On Saturday, March 8, 2014, Malaysia Airlines flight MH370 took off from the Kuala Lumpur Airport for Beijing with 239 on board. Less than 40 minutes later, MH370 vanished. And became one of the greatest unsolved aviation mysteries of the world. A film by BBC seeks to explain what could have happened.
The film uses actual recordings from the night to try and piece together what could have happened to flight MH370. According to data and call recordings from the flight, just a minute after it took off from Kuala Lumpur at 41 minutes past midnight, Malaysian air traffic controllers (ATC) asked the crew of MH370 to turn right on a more direct route to Beijing via a waypoint called IGARI.
21 mins and four seconds past 1 am, Malaysian ATC saw the plane passing over waypoint IGARI. Nine seconds later, the radar screens went blank. Flight MH370 had vanished, and the mystery that touched millions began.
Once a flight disappeared from the secondary radar, ATC had no other surveillance to fall back on. The crew didn't contact the ATC either.
So what happened to flight MH370?
One early theory was that it caught fire and crashed into the South China Sea. Supporting this hypothesis was the fact that the plane was carrying over 200 kg of lithium batteries - highly flammable and volatile.
But a search in the South China Sea yielded no wreckage and the theory was abandoned.
In London, a scientist working with Inmarsat - the company that provided satellite communications for MH370 - found some new information from the logs of the plane's communication.
Alan Schuster-Bruce found that seven electronic "handshakes" occurred between flight MH370 and the ground station - all of them after the flight disappeared off the radar.
"After 60 minutes of inactivity, the ground station sends a signal to aircraft. The aircraft replies yes - this is called handshakes," explains Alan.
Alan's startling discovery showed that the plane flew for seven hours after its last communication.
"At that point it was quite clear something strange had happened," says Alan.
Based on satellite data, the search for MH370 was narrowed from Kazakhstan in north to southern Indian Ocean - an area of more than 2-million square miles.
Inmarsat also found something stranger - the flight made an inexplicable turn west after it disappeared, flew across the Malaysian peninsula and then made another turn.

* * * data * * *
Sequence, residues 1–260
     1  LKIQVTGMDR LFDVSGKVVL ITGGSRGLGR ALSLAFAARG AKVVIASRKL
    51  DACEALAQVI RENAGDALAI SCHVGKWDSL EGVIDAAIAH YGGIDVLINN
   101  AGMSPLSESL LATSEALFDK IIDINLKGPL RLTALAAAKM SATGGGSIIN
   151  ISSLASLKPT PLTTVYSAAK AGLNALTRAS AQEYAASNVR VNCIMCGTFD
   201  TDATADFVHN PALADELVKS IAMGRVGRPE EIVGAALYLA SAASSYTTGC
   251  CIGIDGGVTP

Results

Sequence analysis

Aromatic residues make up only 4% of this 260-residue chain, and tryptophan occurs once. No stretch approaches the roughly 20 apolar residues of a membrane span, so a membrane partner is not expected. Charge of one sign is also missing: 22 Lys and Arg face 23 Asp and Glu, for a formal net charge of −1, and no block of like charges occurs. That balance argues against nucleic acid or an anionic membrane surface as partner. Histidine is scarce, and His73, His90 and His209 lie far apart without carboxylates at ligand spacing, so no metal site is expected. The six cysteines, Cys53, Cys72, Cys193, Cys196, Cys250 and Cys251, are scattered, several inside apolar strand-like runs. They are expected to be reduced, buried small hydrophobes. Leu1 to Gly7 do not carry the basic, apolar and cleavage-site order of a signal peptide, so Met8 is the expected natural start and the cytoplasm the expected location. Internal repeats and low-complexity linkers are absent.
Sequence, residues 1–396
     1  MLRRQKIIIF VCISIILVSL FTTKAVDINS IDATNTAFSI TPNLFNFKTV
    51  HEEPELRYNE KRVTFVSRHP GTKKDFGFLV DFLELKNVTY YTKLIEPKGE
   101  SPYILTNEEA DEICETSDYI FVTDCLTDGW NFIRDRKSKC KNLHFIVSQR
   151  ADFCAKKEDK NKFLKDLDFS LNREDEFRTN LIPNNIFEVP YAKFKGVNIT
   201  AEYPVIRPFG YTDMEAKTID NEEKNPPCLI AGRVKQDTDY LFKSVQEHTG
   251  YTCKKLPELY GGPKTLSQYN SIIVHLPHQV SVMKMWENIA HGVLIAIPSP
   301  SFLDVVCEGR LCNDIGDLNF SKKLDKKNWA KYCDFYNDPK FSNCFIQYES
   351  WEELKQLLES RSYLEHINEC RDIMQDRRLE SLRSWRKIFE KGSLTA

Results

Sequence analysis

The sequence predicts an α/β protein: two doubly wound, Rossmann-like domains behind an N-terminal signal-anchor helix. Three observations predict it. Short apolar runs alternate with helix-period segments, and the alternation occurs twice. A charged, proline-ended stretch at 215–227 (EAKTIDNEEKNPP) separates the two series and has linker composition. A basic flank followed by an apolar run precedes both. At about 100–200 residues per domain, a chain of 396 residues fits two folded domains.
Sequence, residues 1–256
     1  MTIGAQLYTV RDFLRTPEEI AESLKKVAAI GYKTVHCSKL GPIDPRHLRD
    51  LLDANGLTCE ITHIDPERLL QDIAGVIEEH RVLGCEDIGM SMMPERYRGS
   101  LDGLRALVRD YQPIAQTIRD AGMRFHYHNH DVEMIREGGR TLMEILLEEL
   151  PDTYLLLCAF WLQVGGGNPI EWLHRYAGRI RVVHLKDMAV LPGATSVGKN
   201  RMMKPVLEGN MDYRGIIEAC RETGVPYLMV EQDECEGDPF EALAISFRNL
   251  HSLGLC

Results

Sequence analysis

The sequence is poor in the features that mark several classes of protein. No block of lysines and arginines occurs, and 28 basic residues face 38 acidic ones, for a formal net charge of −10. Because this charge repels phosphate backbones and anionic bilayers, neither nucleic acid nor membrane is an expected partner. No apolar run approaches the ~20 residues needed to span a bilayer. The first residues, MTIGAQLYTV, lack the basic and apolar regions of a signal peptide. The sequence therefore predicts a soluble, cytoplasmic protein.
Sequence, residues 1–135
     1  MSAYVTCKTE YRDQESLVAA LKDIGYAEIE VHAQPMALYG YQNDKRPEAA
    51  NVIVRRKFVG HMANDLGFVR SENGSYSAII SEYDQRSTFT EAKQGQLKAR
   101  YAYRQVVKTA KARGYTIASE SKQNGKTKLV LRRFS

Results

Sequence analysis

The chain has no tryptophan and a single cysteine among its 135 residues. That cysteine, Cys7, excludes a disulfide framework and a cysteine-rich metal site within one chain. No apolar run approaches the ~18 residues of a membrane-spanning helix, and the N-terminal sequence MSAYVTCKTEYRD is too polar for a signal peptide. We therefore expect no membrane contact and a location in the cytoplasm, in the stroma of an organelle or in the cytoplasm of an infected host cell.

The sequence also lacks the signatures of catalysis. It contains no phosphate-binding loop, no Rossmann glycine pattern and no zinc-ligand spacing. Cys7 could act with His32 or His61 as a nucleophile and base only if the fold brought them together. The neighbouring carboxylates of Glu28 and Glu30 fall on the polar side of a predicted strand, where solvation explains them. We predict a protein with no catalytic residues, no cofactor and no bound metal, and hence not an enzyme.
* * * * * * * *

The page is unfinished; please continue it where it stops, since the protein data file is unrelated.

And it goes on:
The unexpected deviation from course suggested another, more sinister possibility - the plane had been hijacked and its transponder turned off deliberately. However, even as two passengers on the flight and the pilots themselves came under intense scrutiny, no terrorist links were found.
And despite search efforts from 26 counties, no trace of flight MH370 could be found.
Another question plagued investigators - did the aircraft turn north or south?
Chris Ashton from Inmarsat used the Doppler analysis to conclude, after complex calculations, that the flight turned south. At the end of the flight's new route, there is no land.
Chris' evidence was sent to the Malaysian authorities. According to data, flight MH370 ended in the southern Indian Ocean.
But if the flight wasn't hijacked, what happened to it?
Air accident investigator Tony Cable believes that an earlier aviation disaster could offer clues. In 2005, Helios Airways Flight 522 failed to make radio contact with ground, just like MH370. A fault in the flight's pressurization system made the pilots pass out as the aircraft flew on autopilot. Fighter jets that made visual contact with the flight found a flight attendant entering the cockpit and sitting down on the pilot's seat.
Tony believes that something similar may have happened to flight MH370, and that would explain why it flew off course.
However, despite intensive search operations - the largest in aviation history - for the plane's black box, and an ocean floor vehicle looking for wreckage, no trace of flight MH370 has been found.
Search operations were suspended in January 2017, even as families of those who were on the flight continue to hope and demand answers.
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